Some children seem to naturally flourish in computing, while others need more support to reach their potential. This two day residential will explore a range of strategies to engage and support all pupils in computing.
By using real-world contexts, you can teach aspects of computing using contexts from other curriculum subjects. This shows children how computing links to the world around them, supporting learning by making it more relevant and ensuring that all aspects of computing are taught effectively. Using engaging contexts to teach computing is a route to enable pupils to engage with often quite abstract and challenging ideas. Providing familiar or cross-curricular contexts can also show children how computing links to other subjects and the world around them making it more relevant to them.
On day 2, you'll consider how cultural and other influences affect outcomes in computing, including the impact on girls and other groups of children. Using evidence, you'll examine the relationship between computing and the rest of the curriculum, leading to better integration of this relatively new subject. You'll plan how to raise the knowledge and digital skills of your colleagues, ensuring positive attitudes towards computing in all areas of the curriculum.
You'll have time and support to consider how your school's computing curriculum would stand up to scrutiny, and how you can provide equitable and inspirational learning for every child by using authentic, collaborative, culturally-relevant and engaging contexts.
Across the two days, you’ll complete the following courses:
Completing this CPD will contribute towards recognised certification through the Teach primary computing certificate. You'll be supported along the way by your peers and experienced teaching professionals.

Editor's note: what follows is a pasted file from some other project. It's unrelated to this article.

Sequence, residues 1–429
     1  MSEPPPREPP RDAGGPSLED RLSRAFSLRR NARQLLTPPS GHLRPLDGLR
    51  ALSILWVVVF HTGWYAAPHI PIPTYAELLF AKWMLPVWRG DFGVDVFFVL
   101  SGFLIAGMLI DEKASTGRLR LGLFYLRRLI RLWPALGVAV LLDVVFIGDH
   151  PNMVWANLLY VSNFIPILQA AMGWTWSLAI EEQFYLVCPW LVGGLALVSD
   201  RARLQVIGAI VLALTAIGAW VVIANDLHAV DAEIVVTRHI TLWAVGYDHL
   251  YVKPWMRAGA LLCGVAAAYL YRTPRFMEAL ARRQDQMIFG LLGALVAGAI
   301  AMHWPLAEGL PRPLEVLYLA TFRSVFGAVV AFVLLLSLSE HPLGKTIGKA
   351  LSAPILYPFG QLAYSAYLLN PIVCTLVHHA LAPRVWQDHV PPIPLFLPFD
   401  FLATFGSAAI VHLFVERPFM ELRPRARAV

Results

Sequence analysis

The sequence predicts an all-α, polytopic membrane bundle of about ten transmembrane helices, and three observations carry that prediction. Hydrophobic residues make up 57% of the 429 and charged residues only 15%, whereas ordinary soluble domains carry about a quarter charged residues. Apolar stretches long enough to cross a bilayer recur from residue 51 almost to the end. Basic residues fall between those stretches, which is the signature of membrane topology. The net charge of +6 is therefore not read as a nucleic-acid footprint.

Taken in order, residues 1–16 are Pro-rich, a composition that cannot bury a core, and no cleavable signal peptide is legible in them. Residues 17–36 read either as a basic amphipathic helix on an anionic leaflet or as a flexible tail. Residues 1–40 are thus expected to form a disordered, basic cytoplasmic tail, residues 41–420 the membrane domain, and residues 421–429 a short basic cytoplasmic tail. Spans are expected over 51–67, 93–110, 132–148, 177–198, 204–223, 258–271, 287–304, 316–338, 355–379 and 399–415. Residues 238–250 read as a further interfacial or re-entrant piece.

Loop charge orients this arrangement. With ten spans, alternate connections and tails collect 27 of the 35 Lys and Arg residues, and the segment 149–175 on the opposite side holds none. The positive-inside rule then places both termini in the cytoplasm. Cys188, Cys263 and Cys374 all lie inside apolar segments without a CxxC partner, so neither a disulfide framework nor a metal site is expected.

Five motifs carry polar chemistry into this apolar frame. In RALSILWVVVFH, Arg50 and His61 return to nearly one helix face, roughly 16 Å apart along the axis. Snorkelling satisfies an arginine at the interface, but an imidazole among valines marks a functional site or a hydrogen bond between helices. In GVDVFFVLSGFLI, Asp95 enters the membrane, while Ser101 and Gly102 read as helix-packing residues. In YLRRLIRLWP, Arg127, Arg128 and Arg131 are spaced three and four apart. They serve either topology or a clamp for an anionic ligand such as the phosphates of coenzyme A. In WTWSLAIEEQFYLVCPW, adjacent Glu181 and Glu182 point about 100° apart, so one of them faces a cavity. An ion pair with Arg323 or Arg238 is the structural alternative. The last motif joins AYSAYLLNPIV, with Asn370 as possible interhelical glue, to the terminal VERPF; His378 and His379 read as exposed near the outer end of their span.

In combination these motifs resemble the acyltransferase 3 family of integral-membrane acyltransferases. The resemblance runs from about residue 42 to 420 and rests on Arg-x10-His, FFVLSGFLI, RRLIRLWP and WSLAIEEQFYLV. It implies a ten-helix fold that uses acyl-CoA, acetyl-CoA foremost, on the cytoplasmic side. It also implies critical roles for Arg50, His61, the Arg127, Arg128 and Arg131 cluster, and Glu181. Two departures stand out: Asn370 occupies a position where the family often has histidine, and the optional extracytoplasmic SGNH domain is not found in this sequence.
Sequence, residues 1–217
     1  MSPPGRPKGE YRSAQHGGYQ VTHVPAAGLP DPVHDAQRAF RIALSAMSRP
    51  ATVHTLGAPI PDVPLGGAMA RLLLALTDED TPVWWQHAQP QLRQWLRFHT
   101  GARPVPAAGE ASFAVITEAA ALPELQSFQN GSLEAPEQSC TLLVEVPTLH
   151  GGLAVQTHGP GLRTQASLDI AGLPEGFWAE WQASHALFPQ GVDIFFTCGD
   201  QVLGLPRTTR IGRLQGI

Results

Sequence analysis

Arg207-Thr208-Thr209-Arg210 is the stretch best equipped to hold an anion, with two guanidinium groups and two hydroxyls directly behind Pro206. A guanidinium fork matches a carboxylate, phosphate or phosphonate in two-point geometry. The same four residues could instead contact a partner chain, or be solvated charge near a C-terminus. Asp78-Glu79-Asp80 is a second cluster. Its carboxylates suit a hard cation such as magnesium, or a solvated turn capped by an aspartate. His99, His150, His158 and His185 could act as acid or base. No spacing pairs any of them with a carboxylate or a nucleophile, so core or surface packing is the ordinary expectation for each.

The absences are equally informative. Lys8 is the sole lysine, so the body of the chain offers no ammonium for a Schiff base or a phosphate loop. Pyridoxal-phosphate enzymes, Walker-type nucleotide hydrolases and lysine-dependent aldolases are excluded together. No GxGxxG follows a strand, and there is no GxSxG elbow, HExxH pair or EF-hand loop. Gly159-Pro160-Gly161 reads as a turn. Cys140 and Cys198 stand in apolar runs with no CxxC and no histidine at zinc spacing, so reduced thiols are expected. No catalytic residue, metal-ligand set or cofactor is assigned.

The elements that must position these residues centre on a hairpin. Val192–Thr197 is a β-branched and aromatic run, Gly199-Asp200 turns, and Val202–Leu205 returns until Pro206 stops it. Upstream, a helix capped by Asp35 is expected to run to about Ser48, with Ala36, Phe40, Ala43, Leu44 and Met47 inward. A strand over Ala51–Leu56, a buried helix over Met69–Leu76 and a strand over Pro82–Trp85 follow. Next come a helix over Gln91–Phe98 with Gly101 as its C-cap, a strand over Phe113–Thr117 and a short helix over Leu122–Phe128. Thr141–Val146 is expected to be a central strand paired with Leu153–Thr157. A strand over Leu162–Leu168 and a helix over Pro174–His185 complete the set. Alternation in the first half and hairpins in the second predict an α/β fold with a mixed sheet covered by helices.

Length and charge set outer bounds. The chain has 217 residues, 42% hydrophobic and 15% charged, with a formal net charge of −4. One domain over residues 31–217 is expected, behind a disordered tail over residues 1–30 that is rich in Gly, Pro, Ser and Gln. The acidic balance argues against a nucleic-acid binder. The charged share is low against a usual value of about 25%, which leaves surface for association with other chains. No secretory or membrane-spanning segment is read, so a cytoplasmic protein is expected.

This is a residential course at the National STEM Learning Centre, York. Meals and overnight accommodation are included for participants for the duration of the course.
If you wish to extend your stay in York, bed and breakfast will be available at the centre’s on-site accommodation at a discounted rate of £45+VAT per night. You can email [email protected] to secure this rate, providing their course booking information and confirming the night(s) they would like to stay.
Who is it for?
Subject leaders of computing looking to enhance their curriculum through
Teaching primary computing through contexts – Explore ways to introduce contexts relating to cross-curricular topics, everyday life, and the wider world. These strategies will help bring computing to life, enabling pupils to understand the practical applications of computing and explore career opportunities in an informal way.
Primary computing for all – Consider how cultural and other influences affect outcomes in computing, including the impact on girls and other groups of children. Using evidence, you'll examine the relationship between computing and the rest of the curriculum, leading to better integration of this relatively new subject. You'll plan how to raise the knowledge and digital skills of your colleagues, ensuring positive attitudes towards computing in all areas of the curriculum
How long is this course?
This residential is two days in duration, you’ll complete approx. 12 hours of CPD.
How will you learn?
You’ll receive expert advice and instruction from experienced classroom practitioners. You’ll discuss issues with peers and an experienced course leader, comparing practice and learning strategies that are based in evidence. Personalised action planning will help you prioritise next steps for you and your school, ensuring you gain maximum benefit from the CPD.
By the end of this CPD package you will:
- develop the teaching of computing in your school using contexts relevant to your learners and setting
- teach knowledge and skills in computing through a cross-curricular approach
- identify how to ensure progression in computing when using cross-curricular contexts
- Plan how to motivate and support colleagues to teach excellent computing lessons
- Develop teaching approaches that widen the appeal of computing, leading to creative and collaborative lessons
- Recognise and overcome the barriers that some learners face in computing